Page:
Padres looking to shed “little brother” label vs. Dodgers

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Mandatory Credit: Jayne Kamin-Oncea-USA TODAY Sports

There is no doubt that the San Diego Padres have a lot of animosity toward the Los Angeles Dodgers.

The feeling is justified, as the Dodgers have dominated the division for the last ten years, and it isn’t even close. Los Angeles has won 91 games or more every year in the previous ten years of play. The only year they didn’t win that many games was the 2020 Covid-shortened season, in which LA went on to win their only World Series title since 1988. This 2022 season, the Dodgers won 111 games, tied for the fourth most in MLB history.

The Dodgers are a great team and have repeatedly picked apart San Diego’s deficiencies. During the 2022 season, San Diego won only five of 19 games against the Dodgers and failed to win a single series all year. In critical situations, the Padres’ hitters failed this season, and the starting staff has not received run support.

However, the playoffs are essentially a new season—a new beginning. Trent Grisham put away the stink of the 2022 season to be a massive part of the offense during the Padres series win over the Mets. Anything can happen. Baseball is funny like that.

Los Angeles has made intelligent baseball moves in signing and acquiring talent over the last decade, providing a stable franchise built to win now. In years past, the franchise made foolish acquisitions and handed out money carelessly to players. Though the Dodgers still have the highest annual salary of any franchise, they have learned to allocate funds toward productive players.

San Diego has slowly built their franchise to be relevant. When general manager A.J. Preller was hired in 2014, the organization immediately began to discover an identity. Preller and the Padres made a huge splash in the winter of 2014-15 and traded for Justin Upton, Matt Kemp, and Wil Myers (among others). The MLB community began to recognize the Padres as a competitive team, and people were talking about the baseball team from San Diego for the first time in a while.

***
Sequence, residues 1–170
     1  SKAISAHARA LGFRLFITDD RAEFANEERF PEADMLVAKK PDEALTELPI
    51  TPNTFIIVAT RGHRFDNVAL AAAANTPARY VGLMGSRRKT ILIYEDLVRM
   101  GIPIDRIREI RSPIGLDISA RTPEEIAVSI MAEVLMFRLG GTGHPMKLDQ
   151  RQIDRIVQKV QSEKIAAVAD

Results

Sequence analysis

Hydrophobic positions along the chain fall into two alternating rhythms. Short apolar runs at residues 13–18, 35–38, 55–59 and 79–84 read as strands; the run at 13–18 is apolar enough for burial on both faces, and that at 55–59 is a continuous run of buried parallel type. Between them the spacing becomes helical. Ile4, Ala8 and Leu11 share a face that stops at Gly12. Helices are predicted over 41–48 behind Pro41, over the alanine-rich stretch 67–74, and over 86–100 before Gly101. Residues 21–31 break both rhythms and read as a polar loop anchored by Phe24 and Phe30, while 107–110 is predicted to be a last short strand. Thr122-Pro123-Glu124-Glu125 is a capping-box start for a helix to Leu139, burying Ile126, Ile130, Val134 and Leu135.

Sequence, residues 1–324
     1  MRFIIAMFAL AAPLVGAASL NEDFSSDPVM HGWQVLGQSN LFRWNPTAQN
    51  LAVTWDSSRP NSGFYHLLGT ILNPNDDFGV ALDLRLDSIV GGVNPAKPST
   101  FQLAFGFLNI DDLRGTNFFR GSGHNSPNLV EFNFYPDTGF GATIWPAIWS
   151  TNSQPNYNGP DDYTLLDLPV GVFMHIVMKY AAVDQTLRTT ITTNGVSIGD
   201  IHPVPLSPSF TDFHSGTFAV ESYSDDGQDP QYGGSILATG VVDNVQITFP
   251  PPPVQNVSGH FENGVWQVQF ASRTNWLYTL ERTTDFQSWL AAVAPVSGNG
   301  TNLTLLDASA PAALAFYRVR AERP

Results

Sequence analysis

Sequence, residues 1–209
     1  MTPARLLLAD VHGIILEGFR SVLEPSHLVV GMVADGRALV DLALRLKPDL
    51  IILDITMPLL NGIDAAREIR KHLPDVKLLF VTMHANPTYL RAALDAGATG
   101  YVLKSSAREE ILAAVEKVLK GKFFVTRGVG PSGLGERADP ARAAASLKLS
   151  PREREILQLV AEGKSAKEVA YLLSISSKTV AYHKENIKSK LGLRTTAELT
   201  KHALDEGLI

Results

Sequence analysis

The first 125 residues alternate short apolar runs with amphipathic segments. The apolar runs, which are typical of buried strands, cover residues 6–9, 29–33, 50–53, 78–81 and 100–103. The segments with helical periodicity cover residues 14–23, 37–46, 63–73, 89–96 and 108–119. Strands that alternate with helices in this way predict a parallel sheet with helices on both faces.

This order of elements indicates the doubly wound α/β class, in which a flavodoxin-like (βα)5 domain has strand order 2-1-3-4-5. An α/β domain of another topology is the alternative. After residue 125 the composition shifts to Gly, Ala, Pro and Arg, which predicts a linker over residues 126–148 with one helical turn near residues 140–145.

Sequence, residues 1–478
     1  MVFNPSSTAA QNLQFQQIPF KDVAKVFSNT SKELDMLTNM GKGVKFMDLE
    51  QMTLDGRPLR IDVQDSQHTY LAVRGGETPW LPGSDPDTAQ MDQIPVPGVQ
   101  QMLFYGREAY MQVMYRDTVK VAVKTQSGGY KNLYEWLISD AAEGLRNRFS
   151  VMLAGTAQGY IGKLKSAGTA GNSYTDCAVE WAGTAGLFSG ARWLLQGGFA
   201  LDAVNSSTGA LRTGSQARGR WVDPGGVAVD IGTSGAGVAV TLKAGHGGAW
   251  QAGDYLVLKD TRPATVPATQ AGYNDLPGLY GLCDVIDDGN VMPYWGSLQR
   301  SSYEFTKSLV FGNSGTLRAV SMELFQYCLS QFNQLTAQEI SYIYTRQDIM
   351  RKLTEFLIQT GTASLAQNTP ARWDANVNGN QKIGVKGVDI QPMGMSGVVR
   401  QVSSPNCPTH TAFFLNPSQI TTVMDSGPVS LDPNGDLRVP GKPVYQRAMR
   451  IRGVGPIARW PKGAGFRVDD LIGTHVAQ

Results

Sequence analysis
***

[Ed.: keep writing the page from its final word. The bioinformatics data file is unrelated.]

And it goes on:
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That first attempt to win from this regime was unsuccessful, but it energized a dormant fanbase. It showed that the ownership group was committed to winning. Something that was a bit of a mirage presented to Padres fans for years and years. There were seasons of hope in the first 35-plus years of the franchise, but they were quickly followed by firesales and liquidation of assets. There was no stability for the fans, which hurt the club’s overall value.

Ron Fowler and Peter Seidler deserve tons of praise for creating a stable franchise in San Diego. The Padres are spending money, and the team is getting rewarded by its fans in attendance and merchandise sales. The 2022 Padres came up just short of three million tickets sold, which was the second-highest total in the organization’s history. Only the 2004 Padres, amid the first year of Petco Park, drew more visitors to the stadium.

There are Padres fans all over the nation. People who have never set foot in San Diego. That was unheard of before this recent regime. The marketing department has done well to present a suitable commodity to the world. With an energized play and a roster full of international talent, the Padres have finally gone outside their own county to secure fans. The team knows that fans worldwide are starving for baseball, and they don’t have a major league home team. These people are baseball fan free agents, and the Padres are scooping them up by the handful. From Korea and Japan to Colombia and Curacao, the Padres possess fans in dozens and dozens of countries.

The Dodgers have handled the Padres in the last few seasons. The San Francisco Giants are the Dodgers actual rival, and history dictates that, but the Padres are certainly a great annoyance to Los Angeles. The fans regard the Padres as their ‘little brother’. A franchise that is only striving to be like its elder sibling. The Dodgers may have laid down the game plan for a competitive franchise, but San Diego only looks up to them in a business manner.

The Padres are their own entity, and their exciting brand of baseball looks to be the future of the sport. There will be only one way to gain respect if you are the Padres. To shed that “little brother” label, they must win this series. It is not an insurmountable task, but it will surely take a team effort to complete. San Diego must play inspired baseball. The Padres are capable, and that is what makes this five-game series must-watch T.V.

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